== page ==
Court quashes decision to refuse Indian chef's visa request over lack of cooking skills

Ms Justice Marguerite Bolger found the Minister for Justice’s decision was legally flawed, including that it unfairly claimed the man was unable to provide basic recipes for dishes he would be required to cook in Ireland
Court quashes decision to refuse Indian chef's visa request over lack of cooking skills

High court reporters

An Indian national with a permit to work in a restaurant in Ireland has succeeded in his High Court challenge to a decision refusing his visa application on the basis he did not demonstrate sufficient skills in tandoori chicken cooking.

Ms Justice Marguerite Bolger found the Minister for Justice’s decision was legally flawed for various reasons, including that it unfairly claimed the man was unable to provide basic recipes for dishes he would be required to cook in Ireland.

Both the man and his prospective employer in Ireland had specified that he would be required to cook Indian bread and did not need to cook chicken dishes, she said.

The Minister for Business, Enterprise and Employment granted the man a work permit in June 2020 for a role as a tandoori chef at an Indian restaurant in the west of Ireland.

The man then applied to the Department of Justice for a long-stay visa. During a telephone interview, he was asked what type of food he would be cooking in Ireland, to which he responded: “Indian breads”.

Chicken tikka

When asked about cooking other dishes, including chicken tikka, he said this was not part of his job. However, he said he had only a basic knowledge of this type of cooking.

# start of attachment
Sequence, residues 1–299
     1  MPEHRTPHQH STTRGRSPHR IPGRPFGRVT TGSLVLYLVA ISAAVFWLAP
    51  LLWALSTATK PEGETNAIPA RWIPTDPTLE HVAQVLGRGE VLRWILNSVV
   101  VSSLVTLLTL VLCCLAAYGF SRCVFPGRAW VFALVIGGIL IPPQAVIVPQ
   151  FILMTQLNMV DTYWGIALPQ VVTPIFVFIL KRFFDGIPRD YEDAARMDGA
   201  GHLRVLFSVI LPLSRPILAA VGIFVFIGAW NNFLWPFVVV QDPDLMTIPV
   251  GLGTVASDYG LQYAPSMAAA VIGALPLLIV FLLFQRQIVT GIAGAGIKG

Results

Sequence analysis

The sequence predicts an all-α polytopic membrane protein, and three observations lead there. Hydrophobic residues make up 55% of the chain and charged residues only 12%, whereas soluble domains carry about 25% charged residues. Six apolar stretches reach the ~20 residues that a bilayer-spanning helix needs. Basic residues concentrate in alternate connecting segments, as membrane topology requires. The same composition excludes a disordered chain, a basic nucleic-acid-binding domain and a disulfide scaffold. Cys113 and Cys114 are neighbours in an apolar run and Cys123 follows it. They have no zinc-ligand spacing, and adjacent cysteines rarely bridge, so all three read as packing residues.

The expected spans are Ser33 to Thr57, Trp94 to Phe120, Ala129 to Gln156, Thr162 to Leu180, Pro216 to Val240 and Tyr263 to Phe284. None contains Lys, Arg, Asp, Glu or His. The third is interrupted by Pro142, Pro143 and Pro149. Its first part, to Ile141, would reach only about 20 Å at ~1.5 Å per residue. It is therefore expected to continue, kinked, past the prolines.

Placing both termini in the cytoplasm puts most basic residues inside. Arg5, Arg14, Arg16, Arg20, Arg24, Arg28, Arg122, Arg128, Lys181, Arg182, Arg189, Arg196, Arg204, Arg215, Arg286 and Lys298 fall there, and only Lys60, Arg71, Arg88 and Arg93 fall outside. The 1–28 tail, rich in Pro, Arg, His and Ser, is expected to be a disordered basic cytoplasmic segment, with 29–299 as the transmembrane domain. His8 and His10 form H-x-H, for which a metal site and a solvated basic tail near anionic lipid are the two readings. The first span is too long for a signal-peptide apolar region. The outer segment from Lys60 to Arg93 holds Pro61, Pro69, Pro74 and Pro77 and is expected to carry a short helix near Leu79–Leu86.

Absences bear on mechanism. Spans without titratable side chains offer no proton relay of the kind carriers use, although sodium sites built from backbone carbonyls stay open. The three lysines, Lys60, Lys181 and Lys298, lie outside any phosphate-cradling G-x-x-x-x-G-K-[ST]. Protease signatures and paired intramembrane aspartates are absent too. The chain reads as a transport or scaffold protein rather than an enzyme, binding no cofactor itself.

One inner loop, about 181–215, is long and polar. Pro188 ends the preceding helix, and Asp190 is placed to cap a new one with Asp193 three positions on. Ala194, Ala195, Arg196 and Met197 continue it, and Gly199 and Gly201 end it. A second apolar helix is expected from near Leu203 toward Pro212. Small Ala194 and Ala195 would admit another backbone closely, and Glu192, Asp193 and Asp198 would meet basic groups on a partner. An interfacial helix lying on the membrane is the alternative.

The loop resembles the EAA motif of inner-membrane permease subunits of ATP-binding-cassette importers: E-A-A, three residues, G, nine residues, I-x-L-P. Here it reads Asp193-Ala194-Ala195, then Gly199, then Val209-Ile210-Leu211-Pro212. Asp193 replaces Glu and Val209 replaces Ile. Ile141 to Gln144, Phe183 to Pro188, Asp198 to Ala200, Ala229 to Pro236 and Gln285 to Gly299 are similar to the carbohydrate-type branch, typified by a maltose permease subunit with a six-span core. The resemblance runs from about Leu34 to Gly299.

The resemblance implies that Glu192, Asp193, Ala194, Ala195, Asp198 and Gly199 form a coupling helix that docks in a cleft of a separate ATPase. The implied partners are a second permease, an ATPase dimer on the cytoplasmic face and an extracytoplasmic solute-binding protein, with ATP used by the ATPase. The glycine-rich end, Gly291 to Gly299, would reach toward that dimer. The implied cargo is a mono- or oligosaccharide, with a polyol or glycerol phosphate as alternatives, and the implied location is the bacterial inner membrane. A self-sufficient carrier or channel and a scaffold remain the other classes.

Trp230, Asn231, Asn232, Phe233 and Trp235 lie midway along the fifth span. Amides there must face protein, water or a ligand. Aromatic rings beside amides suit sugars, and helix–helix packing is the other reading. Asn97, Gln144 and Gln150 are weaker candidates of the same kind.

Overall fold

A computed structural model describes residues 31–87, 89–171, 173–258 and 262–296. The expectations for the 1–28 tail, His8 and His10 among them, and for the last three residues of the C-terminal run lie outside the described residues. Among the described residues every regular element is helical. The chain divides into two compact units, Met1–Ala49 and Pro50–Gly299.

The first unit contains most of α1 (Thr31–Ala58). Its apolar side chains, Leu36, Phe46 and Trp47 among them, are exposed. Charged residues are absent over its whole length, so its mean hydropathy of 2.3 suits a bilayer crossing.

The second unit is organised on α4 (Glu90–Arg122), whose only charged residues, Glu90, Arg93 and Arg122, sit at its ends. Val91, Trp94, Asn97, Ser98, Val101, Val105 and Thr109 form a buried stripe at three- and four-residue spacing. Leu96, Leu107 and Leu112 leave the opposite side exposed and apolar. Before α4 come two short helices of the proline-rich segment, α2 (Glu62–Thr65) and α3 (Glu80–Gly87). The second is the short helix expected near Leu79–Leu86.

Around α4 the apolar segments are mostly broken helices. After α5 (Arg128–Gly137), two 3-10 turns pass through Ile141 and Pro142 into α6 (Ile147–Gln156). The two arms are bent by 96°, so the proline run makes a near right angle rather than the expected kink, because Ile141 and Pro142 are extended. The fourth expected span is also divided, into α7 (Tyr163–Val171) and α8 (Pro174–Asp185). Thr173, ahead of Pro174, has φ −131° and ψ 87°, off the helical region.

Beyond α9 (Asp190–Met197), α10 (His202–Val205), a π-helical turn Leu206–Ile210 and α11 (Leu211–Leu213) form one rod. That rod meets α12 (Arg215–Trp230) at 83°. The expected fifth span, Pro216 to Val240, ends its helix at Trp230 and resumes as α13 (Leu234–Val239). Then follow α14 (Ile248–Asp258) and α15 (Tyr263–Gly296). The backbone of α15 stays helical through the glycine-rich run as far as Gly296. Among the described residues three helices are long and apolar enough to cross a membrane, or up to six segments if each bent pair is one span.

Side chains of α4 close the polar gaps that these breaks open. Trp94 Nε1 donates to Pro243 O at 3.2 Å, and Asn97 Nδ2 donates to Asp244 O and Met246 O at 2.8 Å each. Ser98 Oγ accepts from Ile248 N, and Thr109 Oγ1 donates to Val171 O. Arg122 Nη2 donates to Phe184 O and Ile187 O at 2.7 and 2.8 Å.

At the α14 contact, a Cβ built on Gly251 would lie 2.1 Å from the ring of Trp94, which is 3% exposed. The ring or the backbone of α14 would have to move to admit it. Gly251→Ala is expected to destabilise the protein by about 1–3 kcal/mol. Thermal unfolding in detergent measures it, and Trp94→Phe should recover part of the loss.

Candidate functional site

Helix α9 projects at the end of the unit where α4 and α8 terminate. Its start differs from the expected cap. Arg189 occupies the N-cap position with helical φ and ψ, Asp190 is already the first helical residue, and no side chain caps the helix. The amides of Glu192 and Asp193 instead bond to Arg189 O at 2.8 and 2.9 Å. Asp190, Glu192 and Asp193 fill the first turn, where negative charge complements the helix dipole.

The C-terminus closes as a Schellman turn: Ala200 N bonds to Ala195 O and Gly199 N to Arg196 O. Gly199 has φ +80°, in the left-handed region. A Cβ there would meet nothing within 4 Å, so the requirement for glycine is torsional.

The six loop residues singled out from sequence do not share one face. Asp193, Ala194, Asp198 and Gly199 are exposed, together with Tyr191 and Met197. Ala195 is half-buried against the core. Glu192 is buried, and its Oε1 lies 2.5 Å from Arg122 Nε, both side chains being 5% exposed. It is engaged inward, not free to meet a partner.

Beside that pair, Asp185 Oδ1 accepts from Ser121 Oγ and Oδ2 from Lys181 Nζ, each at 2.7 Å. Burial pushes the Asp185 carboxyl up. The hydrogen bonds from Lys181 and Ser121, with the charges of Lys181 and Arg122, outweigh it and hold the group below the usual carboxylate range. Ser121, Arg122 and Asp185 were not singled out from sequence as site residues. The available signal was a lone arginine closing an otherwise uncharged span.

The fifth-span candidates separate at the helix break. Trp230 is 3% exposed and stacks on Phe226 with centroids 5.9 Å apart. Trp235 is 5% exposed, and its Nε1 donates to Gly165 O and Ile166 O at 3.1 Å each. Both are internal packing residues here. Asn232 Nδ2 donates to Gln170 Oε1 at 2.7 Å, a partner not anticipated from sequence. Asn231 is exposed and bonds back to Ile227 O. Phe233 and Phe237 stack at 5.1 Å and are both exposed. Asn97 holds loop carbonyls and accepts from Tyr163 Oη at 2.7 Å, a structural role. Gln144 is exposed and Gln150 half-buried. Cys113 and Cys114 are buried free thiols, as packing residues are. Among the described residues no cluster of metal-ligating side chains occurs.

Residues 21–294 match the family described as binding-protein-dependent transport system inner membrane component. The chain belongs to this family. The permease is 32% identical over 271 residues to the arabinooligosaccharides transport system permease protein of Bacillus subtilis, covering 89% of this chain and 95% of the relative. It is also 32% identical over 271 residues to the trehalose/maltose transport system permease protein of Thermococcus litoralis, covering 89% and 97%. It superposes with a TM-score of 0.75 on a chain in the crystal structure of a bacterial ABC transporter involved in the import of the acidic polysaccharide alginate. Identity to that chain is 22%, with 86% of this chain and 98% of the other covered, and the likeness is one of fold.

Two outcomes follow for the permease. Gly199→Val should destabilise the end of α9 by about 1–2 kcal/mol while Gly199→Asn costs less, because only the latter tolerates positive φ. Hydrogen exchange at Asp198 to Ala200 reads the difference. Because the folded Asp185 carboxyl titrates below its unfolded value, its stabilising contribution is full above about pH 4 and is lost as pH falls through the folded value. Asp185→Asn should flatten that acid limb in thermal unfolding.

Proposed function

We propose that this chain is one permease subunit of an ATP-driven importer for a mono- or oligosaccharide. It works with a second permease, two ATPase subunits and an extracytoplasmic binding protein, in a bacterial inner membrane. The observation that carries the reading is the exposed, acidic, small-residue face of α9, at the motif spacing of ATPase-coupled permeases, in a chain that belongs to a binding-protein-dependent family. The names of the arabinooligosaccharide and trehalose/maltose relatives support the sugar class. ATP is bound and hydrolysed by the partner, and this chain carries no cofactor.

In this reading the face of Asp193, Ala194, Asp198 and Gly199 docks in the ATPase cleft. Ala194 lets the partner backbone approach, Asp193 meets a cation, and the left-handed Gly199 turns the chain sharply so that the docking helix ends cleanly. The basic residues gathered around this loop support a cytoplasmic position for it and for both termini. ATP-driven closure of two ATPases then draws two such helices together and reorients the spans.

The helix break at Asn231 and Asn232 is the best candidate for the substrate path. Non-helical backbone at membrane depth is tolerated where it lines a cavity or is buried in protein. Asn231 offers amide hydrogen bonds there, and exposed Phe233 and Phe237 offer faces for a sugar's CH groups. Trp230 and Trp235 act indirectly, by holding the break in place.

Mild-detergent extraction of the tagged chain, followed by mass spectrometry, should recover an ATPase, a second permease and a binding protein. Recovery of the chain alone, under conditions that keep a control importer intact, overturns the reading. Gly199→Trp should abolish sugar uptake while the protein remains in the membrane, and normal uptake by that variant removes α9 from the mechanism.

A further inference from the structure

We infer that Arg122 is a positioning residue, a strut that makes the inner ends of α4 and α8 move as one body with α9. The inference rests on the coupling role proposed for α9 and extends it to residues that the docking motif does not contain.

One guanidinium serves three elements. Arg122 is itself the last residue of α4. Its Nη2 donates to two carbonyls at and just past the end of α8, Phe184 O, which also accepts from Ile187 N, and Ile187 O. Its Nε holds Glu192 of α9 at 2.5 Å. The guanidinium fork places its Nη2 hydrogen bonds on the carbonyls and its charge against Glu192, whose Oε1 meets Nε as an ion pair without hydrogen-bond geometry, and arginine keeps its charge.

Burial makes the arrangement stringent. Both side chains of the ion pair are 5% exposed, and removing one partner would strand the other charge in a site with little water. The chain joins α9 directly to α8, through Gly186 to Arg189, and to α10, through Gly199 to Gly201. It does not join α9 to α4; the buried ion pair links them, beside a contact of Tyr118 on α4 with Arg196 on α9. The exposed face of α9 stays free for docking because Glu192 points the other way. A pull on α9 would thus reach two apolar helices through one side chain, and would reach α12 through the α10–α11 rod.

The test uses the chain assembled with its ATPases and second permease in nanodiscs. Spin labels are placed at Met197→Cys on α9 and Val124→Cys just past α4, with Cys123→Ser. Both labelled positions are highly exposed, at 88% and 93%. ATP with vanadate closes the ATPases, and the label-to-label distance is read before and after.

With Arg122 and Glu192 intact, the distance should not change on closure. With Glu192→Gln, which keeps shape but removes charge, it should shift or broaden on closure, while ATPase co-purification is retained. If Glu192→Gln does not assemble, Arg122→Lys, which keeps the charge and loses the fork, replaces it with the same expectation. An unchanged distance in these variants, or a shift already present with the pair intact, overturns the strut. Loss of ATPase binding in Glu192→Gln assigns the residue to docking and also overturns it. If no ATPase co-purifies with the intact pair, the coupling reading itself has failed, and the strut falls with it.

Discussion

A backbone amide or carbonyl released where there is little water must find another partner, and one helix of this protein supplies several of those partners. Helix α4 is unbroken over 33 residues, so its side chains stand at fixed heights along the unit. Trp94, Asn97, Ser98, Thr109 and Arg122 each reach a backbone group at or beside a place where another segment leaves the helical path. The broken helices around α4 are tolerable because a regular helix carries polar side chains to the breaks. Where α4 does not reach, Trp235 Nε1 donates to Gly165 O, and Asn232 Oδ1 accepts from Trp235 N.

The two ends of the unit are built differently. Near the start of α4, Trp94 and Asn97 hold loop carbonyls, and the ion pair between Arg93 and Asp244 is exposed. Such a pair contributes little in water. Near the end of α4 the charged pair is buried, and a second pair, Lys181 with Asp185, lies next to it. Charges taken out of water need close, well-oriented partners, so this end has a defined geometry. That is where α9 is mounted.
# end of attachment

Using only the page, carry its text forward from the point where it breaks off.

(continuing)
The Minister refused his application in September 2020, saying he had not provided sufficient evidence that he had the appropriate skills, knowledge or experience for the position in Ireland. Further, she said, the employer had not provided sufficient evidence that they sought skilled candidates from Ireland prior to offering the man the job.

He appealed this decision, and the appeals officer found he was unable to provide "basic details for basic recipes" he claimed to have cooked and would be required to cook at the restaurant in Ireland.

Ruling on his High Court appeal, Ms Justice Bolger noted the man had previously worked as a tandoori chef and his prospective employer wanted him to make tandoori breads, curries and sauces.

The judge said she preferred the applicant’s evidence over that supplied by the Minister as to "what is or is not a curry".

There were various legal flaws in the Minister’s decision, she said, including a failure to rationalise the findings that the man would not observe his visa conditions or that he had not provided sufficient evidence that he had appropriate skills, knowledge or experience for the job position.

She quashed the appeal officer’s decision and remitted the matter to a different officer for reconsideration.

 

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